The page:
In the United States, the Williams Institute estimated that by requiring voters to present a government-issued photo ID at the polls, nine states may have disenfranchised over 25,000 transgender people in the November 2012 election, because poll workers are unlikely to have training on how to handle transgender people, and may erroneously suspect voter fraud.
Transgender individuals may also be discouraged from voting under these photo identification circumstances because of prior experiences with presenting identification that does not accurately reflect their gender: 41% percent of transgender people reported being harassed in situations where they presented gender incongruent identification, while 15% reported being asked to leave the venue where the identification had been presented, and 3% reported being assaulted or attacked as a result of presenting their ID.[page needed] Additionally, 22% percent reported being denied equal treatment or being verbally harassed by government officials.:2
Felon disenfranchisement and transgender incarcerationEdit
Transgender people lack employment discrimination protection, and face high rates of homelessness and harassment. 16% of transgender people have reported being incarcerated at some point in their lives, compared to 2.7% of the general American population.[page needed]  while 38% reported harassment during police interactions.
- Emilia L. Lombardi, Riki Anne Wilchins, Dana Priesing and Diana Malouf, Gender Violence: Transgender Experiences with Violence and Discrimination, in the Journal of Homosexuality, volume 42, issue 1, 2002 (DOI: 10.1300/J082v42n01_05), pages 89-101.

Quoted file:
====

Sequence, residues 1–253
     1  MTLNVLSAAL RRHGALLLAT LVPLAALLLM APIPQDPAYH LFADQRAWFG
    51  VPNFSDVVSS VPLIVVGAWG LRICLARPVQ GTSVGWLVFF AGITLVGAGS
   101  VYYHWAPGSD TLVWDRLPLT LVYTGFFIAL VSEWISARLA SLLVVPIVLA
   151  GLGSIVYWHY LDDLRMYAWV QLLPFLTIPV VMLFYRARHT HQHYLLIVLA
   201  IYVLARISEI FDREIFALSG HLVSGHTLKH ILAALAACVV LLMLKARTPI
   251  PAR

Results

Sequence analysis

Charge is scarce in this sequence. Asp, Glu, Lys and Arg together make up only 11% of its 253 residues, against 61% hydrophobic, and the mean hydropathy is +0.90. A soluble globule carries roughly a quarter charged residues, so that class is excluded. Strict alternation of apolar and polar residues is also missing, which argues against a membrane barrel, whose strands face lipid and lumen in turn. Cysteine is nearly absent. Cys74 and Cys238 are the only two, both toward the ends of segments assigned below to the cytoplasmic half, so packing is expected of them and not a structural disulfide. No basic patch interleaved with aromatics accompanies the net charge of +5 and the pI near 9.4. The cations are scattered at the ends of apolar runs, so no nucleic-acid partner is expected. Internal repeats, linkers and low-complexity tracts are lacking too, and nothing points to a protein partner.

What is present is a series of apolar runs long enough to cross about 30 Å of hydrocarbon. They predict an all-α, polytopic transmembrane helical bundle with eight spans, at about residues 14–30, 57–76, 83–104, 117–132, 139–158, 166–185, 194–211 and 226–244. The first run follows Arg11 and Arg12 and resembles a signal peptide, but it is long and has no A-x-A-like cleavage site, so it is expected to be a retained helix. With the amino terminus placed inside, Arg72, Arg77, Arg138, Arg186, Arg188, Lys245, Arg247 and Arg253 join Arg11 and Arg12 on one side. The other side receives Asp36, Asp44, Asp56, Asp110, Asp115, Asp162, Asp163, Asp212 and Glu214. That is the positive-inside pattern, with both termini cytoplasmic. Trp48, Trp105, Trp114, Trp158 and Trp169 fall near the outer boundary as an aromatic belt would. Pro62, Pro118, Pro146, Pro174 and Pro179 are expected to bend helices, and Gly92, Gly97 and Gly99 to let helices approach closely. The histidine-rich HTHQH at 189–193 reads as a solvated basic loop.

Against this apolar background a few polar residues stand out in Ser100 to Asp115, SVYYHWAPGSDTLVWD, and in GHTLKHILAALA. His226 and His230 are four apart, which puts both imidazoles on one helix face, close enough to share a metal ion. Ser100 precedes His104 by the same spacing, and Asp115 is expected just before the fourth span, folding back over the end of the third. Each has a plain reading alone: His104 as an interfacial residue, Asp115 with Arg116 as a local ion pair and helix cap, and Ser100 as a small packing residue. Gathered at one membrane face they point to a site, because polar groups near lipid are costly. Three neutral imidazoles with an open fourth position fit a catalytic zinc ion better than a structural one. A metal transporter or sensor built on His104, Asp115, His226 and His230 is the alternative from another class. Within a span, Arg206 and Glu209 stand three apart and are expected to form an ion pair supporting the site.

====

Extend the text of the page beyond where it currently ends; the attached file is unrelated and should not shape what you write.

- Gay and Lesbian Alliance Against Defamation. "Groundbreaking Report Reflects Persistent Discrimination Against Transgender Community", GLAAD, USA, February 4, 2011. Retrieved on 2011-02-24.
- Grant, Jaime; Mottet, Lisa; Tannis, Justin; Harrison, Jack; Herman, Jody; Kiesling, Mara (2011). "Injustice at Every Turn: A Report of the National Transgender Discrimination Survey" (PDF). Washington: National Center for Transgender Equality. Retrieved January 2, 2016.
- Thaler, Cole. "What Does it Mean to be Real".
- "Help America Vote Act of 2002".
- In re Anonymous v. Weiner, 270 N.Y.S.2d 319 (N.Y. App. Div. 1966).
- See In re Estate of Gardiner, 29 Kan. App. 2d 92, 109, 22 P.3d 1086 (2001) (remarking that Weiner was "the first case in the United States to deal with transsexualism").
- In re Estate of Gardiner, 273 Kan. 191, 200, 42 P.3d 120 (2002) (quoting In re Anonymous v. Weiner, 270 N.Y.S.2d 319, ___ (N.Y. App. Div. 1966)) (internal quotation marks omitted).
- "Changing Birth Certificate Sex Designations: State-by-State Guidelines". Lambda Legal. Retrieved 28 March 2018.
- Herman, Jody L. "The Potential Impact of Voter Identification Laws on Transgender Voters" (PDF). Los Angeles: The Williams Institute.:2 The report estimated that there are 88,000 eligible transgender voters in these nine strict photo ID states, of whom approximately 25,000 do not have identification or records that reflect their gender.
- Also nearly half (47%) of black transgender people have been incarcerated at some point, "Senate Bill Aims to Reduce Youth Incarceration". 2015-08-03. Retrieved 2016-07-16.
- Harrison-Quintana, Jack; Lettman-Hicks, Sharon; with Grant, Jaime (2008). "Injustice at Every Turn: A look at Black respondents in the National Transgender Discrimination Survey" (PDF). National Center for Transgender Equality. National Gay and Lesbian Task Force. Retrieved 29 May 2017.
- Green, J. "Transgender Equality: A Handbook for Activists and Policy Makers Introduction" (PDF). National Gay and Lesbian Task Force.